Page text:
In my capstone class for future secondary math teachers, I ask my students to come up with ideas for engaging their students with different topics in the secondary mathematics curriculum. In other words, the point of the assignment was not to devise a full-blown lesson plan on this topic. Instead, I asked my students to think about three different ways of getting their students interested in the topic in the first place.
I plan to share some of the best of these ideas on this blog (after asking my students’ permission, of course).
This student submission comes from my former student A’Lyssa Rodriguez. Her topic, from Precalculus: using radians to measure angles instead of degrees
D1. How did people’s conception of this topic change over time?
Babylonians came up with the degree system. For their number system they liked to use the number 60 and multiples thereof. Therefore they decided on the number 360 and each number represented a degree in a circle. This number was completely arbitrary and was simply a matter of preference by the Babylonians. Although this makes handling circles and angles seem easier, due to it being an arbitrary number, it makes degrees unnatural. So the deeper concepts in math needed a more natural number. Radians are that more natural measurement we needed. Using the length of the radius of any circle and wrapping around the outside of that circle, one can see that it almost completely goes around the entire circle 6 times. To make up for what is left we multiply the radius by 2pi. Thus the equation for the circumference of a circle is C = 2 πr. This is the reason and the change over time for the use of radians instead of degrees.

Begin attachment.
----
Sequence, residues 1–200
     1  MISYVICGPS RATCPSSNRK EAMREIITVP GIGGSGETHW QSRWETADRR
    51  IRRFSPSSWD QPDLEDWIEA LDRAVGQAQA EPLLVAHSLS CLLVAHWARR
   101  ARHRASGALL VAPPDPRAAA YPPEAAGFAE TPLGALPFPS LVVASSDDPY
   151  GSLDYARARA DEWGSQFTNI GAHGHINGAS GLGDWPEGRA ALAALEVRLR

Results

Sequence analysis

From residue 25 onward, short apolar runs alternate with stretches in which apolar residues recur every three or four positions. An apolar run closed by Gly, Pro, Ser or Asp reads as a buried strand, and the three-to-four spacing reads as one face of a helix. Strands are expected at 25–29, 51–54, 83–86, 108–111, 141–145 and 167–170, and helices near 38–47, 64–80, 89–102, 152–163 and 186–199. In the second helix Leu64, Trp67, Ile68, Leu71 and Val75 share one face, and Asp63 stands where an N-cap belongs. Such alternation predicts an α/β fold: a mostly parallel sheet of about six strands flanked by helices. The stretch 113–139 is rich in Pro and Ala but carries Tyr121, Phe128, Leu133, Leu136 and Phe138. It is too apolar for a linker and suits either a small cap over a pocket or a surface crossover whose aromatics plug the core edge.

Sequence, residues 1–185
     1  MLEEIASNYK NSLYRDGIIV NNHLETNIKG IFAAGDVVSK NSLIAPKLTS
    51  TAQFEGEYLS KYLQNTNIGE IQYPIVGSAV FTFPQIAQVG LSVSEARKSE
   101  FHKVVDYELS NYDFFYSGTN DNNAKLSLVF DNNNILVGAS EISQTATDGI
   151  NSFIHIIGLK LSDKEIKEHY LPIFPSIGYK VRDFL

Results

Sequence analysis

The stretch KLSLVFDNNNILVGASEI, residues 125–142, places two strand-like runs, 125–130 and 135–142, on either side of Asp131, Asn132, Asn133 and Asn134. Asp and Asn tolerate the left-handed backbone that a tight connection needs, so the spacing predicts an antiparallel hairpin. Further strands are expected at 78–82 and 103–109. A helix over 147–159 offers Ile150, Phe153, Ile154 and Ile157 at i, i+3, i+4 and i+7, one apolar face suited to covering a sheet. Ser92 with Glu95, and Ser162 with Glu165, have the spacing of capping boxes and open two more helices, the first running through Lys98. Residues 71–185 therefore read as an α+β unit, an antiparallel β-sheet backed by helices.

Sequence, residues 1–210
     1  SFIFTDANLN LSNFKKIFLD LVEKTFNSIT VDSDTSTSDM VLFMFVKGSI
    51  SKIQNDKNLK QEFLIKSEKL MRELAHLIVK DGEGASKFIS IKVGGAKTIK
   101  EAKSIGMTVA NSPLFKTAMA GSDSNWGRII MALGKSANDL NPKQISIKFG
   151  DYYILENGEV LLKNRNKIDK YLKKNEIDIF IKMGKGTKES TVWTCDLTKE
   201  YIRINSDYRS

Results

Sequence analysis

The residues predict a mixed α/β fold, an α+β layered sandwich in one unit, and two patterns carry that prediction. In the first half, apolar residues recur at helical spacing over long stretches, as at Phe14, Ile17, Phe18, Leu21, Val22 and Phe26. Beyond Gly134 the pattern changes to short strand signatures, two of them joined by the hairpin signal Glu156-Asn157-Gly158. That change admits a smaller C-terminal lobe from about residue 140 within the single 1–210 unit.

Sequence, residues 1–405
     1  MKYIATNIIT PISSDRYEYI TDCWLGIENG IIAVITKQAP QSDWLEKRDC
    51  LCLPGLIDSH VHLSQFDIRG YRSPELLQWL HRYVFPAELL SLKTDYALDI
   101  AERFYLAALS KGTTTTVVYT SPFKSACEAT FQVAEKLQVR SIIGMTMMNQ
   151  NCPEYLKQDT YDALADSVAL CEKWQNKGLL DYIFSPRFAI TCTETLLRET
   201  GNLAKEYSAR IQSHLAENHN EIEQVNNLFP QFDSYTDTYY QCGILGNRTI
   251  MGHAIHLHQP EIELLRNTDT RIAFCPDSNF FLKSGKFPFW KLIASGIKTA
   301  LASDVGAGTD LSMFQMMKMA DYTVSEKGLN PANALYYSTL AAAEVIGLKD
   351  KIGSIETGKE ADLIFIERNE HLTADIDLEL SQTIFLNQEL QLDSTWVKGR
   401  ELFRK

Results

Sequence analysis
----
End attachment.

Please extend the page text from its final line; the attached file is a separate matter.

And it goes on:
C2. How has this topic appeared in high culture (art, classical music, theatre, etc.)?
Pure tones are found in music. Regardless of other musical properties such as amplitude or the time relation to other sound waves (phase), these tones will have a consistent sinusoidal sound wave. The sine function used to measure these waves use radians. Although degrees are technically possible, this function is most accurate when using radians. According to Mathematics and Music: Composition, Perception, and Performance by James S. Walker and Gary W. Don, the formula that can be used to determine the oscillation for a tuning fork is y= Asin(θ) where θ is measured in radians and is equal to 2 πvt+ θ0 and θ0 is the initial value of θ when t=0. So y = Asin(2 πvt+ π/2).
B2. How does this topic extend what your students should have learned in previous courses?
In previous courses, students use degrees to measure angles and to refer to circles. Even activities outside of the classroom, such as snowboarding, use degrees. This was easiest and best for learning purposes, up until this point that is. Now that trigonometric functions will be introduced, the circle will be studied more in depth, and more real life situations will be given, it is necessary to use radians instead of degrees. The calculations will become more accurate in some cases, some even easier, and it is essential to use a more natural number. This topic merely adds on to what the students already know about angles but also makes them think about it in a different way. One way their previous knowledge of degrees will be extended is by learning to convert from degrees to radians and back again.